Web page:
Purpose: To assess a strategy for fecal tagging with barium sulfate as an inexpensive tagging agent in conjunction with magnetic resonance (MR) colonography in patients suspected of having colorectal lesions.
Materials and methods: Twenty-four patients suspected of having colonic lesions because of rectal bleeding, positive fecal occult blood test results, or altered bowel habits underwent MR colonography and subsequent conventional colonoscopy. A 200-mL dose of a barium sulfate-containing contrast agent was ingested with each of four low-fiber meals, beginning 36 hours before the examination. For MR colonography, the colon was filled with tap water. Gadobenate dimeglumine was injected intravenously. Images were acquired 75 seconds after gadobenate dimeglumine administration by using only a T1-weighted three-dimensional gradient-echo sequence. Images were reviewed by two radiologists blinded to conventional colonoscopic data. By using colonoscopy as the reference standard, sensitivity and specificity of MR colonography were determined for detecting colorectal masses.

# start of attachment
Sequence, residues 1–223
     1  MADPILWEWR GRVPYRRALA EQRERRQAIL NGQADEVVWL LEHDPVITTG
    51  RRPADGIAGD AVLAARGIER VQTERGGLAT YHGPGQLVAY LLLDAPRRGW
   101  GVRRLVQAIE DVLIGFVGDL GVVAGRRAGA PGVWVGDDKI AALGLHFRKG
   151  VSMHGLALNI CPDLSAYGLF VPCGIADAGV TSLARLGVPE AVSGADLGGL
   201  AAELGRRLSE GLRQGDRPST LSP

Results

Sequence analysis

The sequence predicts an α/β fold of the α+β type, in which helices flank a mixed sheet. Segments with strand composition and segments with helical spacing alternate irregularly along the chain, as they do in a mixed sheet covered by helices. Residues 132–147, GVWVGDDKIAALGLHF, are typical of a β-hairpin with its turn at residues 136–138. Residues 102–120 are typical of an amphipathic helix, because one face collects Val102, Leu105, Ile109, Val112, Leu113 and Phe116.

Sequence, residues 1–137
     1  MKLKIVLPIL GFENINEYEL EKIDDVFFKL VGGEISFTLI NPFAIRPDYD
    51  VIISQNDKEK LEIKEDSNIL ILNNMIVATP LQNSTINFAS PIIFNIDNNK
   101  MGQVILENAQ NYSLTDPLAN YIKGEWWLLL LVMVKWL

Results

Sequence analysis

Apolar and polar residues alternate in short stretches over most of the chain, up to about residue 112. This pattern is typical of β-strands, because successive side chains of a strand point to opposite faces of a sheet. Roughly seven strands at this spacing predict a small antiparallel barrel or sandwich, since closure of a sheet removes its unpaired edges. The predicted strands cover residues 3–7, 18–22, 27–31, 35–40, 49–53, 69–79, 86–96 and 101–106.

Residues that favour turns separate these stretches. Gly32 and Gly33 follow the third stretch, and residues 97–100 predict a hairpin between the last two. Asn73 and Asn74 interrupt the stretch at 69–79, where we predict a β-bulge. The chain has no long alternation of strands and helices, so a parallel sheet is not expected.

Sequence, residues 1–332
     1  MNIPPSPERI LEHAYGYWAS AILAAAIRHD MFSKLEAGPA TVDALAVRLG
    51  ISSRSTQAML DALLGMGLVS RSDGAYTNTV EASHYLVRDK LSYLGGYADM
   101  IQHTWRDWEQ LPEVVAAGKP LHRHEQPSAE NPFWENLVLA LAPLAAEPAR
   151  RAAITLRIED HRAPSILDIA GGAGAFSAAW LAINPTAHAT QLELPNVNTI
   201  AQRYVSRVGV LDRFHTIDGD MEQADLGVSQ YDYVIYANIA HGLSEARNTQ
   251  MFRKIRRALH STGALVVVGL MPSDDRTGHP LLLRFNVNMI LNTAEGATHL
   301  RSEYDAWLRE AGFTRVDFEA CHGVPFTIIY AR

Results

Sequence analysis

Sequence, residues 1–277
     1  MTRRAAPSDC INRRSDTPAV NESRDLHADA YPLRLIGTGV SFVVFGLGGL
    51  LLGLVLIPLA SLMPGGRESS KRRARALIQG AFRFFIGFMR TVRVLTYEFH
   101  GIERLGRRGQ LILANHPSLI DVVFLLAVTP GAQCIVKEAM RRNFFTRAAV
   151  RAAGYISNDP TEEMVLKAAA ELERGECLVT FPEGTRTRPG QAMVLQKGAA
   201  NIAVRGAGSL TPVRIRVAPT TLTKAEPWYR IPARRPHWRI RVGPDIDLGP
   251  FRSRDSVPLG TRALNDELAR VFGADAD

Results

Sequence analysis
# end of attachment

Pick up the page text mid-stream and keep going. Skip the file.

Results: On the basis of MR colonography, 15 polyps of 5-20 mm and 10 carcinomas were detected and later confirmed with conventional colonoscopy. Conventional colonoscopy depicted three additional lesions less than 8 mm in diameter. Thus, sensitivity of MR colonography was 89.3% (25 of 28) for lesions and 91.7% (22 of 24) for patients.
Conclusion: Barium-tagged MR colonography obviates bowel cleansing and depicts all lesions exceeding 8 mm in diameter.